Oil price hike unlikely this week

May 26th, 2008 - 11:43 pm ICT by admin  

New Delhi, May 26 (IANS) While countries across Asia have hiked their domestic fuel prices in tune with the record global oil surge, the Indian government is unlikely to take the politically sensitive decision this week. A senior oil ministry official Monday indicated that there was “no political consensus” on raising fuel prices.

“Ministries are ready but politicians are not (prepared to raise prices),” he added.

The oil companies have been clamouring for a price increase, as they have to face the brunt of the subsidized rate at which the government sells transport fuel.

Indonesia has already raised its fule prices by over 28 percent, while Sri Lanka hiked by 14 to 47 percent Sunday. Bangladesh has indicated that it could raise the cost of certain fuels by nearly 80 percent.

In India, the security deposit for new cooking gas connections has been increased by Rs.400 to Rs.1,250 by Indian Oil, Hindustan Petroleum and Bharat Petroleum. The deposit has been increased due to the spiralling cost of the steel used for the gas cylinders.

But uncertainty remains on the government’s policy for oil prices. Petroleum Minister Murli Deora Friday said a decision was likely to be taken within a week, and the Petroleum Secretary M.S. Srinivasan said a price rise was “inevitable”.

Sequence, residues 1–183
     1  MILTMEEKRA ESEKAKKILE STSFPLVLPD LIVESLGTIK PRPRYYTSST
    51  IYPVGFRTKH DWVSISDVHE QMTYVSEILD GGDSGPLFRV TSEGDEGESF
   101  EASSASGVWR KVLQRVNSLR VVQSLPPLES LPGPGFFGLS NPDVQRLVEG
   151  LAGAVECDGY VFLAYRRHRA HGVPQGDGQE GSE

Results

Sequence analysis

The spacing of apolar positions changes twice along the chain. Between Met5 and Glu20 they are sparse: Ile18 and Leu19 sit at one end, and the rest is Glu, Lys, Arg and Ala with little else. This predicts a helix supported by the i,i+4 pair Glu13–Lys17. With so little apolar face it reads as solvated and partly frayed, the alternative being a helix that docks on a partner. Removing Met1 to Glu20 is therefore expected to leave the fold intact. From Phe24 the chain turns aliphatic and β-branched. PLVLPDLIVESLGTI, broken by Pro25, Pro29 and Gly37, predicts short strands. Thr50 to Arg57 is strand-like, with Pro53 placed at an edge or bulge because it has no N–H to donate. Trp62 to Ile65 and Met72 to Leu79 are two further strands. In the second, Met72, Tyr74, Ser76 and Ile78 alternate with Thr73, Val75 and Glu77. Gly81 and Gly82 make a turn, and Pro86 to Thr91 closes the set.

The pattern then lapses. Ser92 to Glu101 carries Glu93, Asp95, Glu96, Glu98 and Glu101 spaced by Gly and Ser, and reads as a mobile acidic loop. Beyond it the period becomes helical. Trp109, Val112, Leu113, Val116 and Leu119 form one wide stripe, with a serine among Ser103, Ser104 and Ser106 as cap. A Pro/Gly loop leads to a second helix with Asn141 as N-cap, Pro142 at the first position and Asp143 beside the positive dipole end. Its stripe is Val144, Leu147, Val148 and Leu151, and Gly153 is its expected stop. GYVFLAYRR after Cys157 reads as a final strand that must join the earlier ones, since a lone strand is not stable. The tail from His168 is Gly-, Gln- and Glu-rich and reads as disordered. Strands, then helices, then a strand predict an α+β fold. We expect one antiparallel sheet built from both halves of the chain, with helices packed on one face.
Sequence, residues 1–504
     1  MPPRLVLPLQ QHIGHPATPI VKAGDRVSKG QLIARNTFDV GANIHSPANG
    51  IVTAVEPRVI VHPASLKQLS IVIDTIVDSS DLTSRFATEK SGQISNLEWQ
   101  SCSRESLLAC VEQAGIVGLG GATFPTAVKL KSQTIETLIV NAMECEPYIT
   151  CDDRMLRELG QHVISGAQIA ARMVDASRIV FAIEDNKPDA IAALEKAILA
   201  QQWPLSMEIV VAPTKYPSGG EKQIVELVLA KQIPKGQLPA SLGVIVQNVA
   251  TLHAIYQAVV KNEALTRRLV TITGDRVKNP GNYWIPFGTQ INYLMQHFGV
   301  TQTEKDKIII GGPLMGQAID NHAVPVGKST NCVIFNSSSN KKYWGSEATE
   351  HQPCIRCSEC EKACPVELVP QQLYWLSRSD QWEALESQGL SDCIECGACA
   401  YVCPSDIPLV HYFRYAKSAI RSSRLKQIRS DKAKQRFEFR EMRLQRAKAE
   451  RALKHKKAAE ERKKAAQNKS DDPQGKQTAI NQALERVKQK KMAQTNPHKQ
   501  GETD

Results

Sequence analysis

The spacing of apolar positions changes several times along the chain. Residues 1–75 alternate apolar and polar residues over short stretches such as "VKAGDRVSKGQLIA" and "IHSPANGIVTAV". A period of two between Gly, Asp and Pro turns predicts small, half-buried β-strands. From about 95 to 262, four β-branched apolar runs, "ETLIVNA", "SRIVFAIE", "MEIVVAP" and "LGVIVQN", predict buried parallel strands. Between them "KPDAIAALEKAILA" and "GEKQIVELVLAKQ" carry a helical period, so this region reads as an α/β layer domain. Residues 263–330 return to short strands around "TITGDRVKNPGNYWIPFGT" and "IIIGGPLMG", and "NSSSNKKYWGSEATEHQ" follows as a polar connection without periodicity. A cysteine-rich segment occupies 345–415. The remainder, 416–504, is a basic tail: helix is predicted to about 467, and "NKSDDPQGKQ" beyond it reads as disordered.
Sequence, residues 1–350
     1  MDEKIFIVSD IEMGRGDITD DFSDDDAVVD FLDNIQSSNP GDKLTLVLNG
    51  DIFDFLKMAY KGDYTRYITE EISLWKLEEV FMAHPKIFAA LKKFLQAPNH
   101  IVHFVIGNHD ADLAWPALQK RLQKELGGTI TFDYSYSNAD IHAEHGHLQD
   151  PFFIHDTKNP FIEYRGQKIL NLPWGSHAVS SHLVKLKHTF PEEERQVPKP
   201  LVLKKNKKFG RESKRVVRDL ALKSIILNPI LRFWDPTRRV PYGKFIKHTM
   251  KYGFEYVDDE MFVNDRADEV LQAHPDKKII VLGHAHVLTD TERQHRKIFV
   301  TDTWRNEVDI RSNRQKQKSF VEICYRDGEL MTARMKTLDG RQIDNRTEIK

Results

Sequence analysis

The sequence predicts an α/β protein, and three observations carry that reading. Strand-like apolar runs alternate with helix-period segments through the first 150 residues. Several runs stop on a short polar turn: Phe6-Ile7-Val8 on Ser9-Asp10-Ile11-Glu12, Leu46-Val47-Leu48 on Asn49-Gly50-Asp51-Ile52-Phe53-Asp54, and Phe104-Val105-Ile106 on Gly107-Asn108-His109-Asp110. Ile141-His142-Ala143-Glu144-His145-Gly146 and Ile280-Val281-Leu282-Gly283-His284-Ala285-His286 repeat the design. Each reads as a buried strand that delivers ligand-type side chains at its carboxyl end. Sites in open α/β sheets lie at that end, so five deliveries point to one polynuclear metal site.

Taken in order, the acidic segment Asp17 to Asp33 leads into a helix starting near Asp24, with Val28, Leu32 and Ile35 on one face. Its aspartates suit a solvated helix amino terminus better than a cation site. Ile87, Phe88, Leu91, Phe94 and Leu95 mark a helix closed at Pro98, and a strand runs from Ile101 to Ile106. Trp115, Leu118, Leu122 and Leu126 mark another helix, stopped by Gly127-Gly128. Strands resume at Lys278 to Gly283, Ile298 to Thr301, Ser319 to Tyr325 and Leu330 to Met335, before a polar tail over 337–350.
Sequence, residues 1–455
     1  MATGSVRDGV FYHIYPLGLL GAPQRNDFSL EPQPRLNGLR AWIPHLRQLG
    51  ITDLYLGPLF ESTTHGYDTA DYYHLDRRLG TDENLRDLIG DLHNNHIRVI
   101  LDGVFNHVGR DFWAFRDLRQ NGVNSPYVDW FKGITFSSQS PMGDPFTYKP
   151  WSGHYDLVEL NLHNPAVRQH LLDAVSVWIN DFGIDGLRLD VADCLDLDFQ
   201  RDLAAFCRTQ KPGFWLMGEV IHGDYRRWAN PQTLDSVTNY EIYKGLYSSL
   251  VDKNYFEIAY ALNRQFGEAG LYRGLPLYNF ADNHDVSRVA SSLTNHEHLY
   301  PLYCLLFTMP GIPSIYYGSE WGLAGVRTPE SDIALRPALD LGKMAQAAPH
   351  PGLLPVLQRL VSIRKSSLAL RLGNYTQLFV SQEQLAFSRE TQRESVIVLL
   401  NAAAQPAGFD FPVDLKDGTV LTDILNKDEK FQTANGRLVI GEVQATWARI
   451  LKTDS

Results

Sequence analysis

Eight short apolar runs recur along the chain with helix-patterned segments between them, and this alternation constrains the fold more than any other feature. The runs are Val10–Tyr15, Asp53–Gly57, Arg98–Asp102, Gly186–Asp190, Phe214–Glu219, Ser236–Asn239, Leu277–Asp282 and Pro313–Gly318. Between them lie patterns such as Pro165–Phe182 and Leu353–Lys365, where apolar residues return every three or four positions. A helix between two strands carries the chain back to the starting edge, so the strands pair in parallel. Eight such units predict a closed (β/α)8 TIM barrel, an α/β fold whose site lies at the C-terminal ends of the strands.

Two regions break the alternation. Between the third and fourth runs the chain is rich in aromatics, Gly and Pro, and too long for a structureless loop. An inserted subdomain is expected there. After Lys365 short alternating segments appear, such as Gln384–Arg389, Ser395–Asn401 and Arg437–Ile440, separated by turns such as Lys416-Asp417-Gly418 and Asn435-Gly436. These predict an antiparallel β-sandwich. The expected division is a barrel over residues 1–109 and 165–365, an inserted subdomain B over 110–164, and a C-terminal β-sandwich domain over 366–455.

In a statement released last Thursday after global oil prices reached a high of $135.09 a barrel, Deora said he was “concerned at the financial health of the PSUs”.

“The government and oil PSUs have shouldered the maximum burden of the highly volatile world oil prices, insulating consumers in India from most of the impact,” he had said.

According to the petroleum and natural gas ministry, petrol was being sold at a loss of Rs.16.34 a litre, diesel at Rs.23.49 per litre, LPG at Rs.305.90 per cylinder of about 14 kg, and kerosene at a discount of Rs.28.72 per litre.

The central government currently issues bonds for 42.7 percent of the oil firms’ losses, with another 33 percent coming from upstream oil companies.

The petroleum ministry had sought the issuing of oil bonds worth Rs.440 billion, amounting to 57.1 percent of the Rs.770 billion losses incurred by the state-run oil marketing companies during 2007-08. But the finance ministry has so far rejected the proposal.

According to official sources, the government may be keeping any decision to raise prices in abeyance while inflation remains at a high of nearly eight percent.

The government is likely to take a combination of actions to tackle the problem, which include raising fuel prices, issuing oil bonds and cutting customs and duties on fuel.

The central government last hiked fuel prices in February when it raised petrol price by Rs.2 and that of diesel by Re.1.

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